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Graefes Arch Clin Exp Ophthalmol. 2010 Oct;248(10):1423-35. doi: 10.1007/s00417-010-1377-y. Epub 2010 May 7.

Sema-3A indirectly disrupts the regeneration process of goldfish optic nerve after controlled injury.

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Departments of Neurobiology, George S. Wise, Faculty of Life Sciences, Tel Aviv University, Tel Aviv, 69978, Israel.



Neurons of adult mammalian CNS are prevented from regenerating injured axons due to formation of a non-permissive environment. The retinal ganglion cells (RGC), which are part of the CNS, share this characteristic. In sharp contrast, the RGC of lower vertebrates, such as fish, are capable of re-growing injured optic nerve axons, and achieve, through a complex multi-factorial process, functional vision after injury. Semaphorin-3A (sema-3A), a member of the class 3 semaphorins known for its repellent and apoptotic activities, has previously been shown to play a key role in the formation of a non-permissive environment after CNS injury in mammalians.


The expression of sema-3A and its effect on regenerative processes in injured gold fish retina and optic nerve were investigated in this study. Unilateral optic nerve axotomy or crush was induced in goldfish. 2 microl sema-3A was injected intraviterally 48 hours post injury. Neuronal viability was measured using the lipophilic neurotracer dye 4-Di-10-Asp. Axonal regeneration was initiated using the anterograde dye dextran. Retinas and optic nerves were collected at intervals of 2, 3, 7, 14 and 28 days after the procedure. Using Western blot and immunohistochemical analysis, the expression levels of semaphorin-3A, axonal regeneration, the removal of myelin debris and macrophage invasion were studied.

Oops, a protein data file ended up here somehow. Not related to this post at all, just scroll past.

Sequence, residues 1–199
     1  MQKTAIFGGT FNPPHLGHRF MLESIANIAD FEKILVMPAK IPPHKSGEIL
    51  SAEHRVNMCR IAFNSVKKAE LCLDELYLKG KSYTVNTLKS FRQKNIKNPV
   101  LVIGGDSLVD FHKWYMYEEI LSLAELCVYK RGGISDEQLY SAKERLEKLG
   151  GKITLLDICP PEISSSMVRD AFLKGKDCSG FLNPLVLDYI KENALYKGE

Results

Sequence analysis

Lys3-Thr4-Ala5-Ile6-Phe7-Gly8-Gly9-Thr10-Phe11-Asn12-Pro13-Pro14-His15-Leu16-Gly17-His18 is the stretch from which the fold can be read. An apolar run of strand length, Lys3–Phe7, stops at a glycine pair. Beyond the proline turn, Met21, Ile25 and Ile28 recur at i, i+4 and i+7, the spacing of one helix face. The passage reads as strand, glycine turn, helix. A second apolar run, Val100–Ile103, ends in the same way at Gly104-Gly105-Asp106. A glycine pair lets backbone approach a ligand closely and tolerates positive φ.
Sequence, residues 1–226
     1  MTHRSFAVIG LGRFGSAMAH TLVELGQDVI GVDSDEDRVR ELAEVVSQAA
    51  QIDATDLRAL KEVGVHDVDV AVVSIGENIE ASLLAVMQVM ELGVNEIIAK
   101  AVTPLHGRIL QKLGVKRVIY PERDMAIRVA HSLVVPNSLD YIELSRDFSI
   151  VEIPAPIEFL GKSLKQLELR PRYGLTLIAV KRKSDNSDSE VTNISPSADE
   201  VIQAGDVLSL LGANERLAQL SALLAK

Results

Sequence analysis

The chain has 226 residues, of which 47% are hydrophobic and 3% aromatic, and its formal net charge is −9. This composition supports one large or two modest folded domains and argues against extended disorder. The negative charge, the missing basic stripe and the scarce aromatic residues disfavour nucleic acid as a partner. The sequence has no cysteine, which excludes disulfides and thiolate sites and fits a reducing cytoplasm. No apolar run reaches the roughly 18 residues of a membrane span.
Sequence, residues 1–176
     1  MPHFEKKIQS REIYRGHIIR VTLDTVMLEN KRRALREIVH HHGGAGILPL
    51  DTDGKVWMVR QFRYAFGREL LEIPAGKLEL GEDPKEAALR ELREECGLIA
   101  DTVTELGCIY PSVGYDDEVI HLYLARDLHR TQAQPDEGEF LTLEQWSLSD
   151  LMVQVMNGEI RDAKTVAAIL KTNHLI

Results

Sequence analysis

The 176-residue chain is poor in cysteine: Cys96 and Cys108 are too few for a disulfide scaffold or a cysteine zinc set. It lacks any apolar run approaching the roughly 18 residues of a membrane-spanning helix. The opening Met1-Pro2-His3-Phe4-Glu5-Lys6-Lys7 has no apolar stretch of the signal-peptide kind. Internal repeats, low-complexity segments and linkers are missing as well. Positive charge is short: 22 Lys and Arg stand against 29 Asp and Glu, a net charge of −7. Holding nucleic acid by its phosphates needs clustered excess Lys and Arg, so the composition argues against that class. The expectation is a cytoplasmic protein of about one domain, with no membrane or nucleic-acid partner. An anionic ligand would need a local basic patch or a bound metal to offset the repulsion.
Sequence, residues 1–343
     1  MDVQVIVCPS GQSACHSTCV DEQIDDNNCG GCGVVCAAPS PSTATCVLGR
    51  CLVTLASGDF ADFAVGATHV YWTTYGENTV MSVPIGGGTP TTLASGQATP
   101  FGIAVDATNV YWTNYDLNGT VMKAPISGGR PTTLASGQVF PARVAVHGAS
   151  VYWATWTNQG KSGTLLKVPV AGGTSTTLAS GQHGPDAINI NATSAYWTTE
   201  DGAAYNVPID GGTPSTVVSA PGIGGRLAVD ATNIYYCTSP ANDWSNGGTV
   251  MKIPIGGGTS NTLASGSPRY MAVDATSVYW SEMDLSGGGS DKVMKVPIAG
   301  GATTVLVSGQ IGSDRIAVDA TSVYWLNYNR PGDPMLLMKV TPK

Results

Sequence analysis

We found a decrease in sema-3A levels in the retina at an early stage after optic nerve injury, but no change in sema-3A levels in the injured optic nerve. Intravitreal injection of sema-3A to goldfish eye, shortly after optic nerve injury, led to destructive effects on several pathways of the regenerative processes, including the survival of retinal ganglion cells, axonal growth, and clearance of myelin debris from the lesion site by macrophages.


Exogenous administration of sema-3A in fish indirectly interferes with the regeneration process of the optic nerve. The findings corroborate our previous findings in mammals, and further validate sema-3A as a key factor in the generation of a non-permissive environment after transection of the optic nerve.

[Indexed for MEDLINE]

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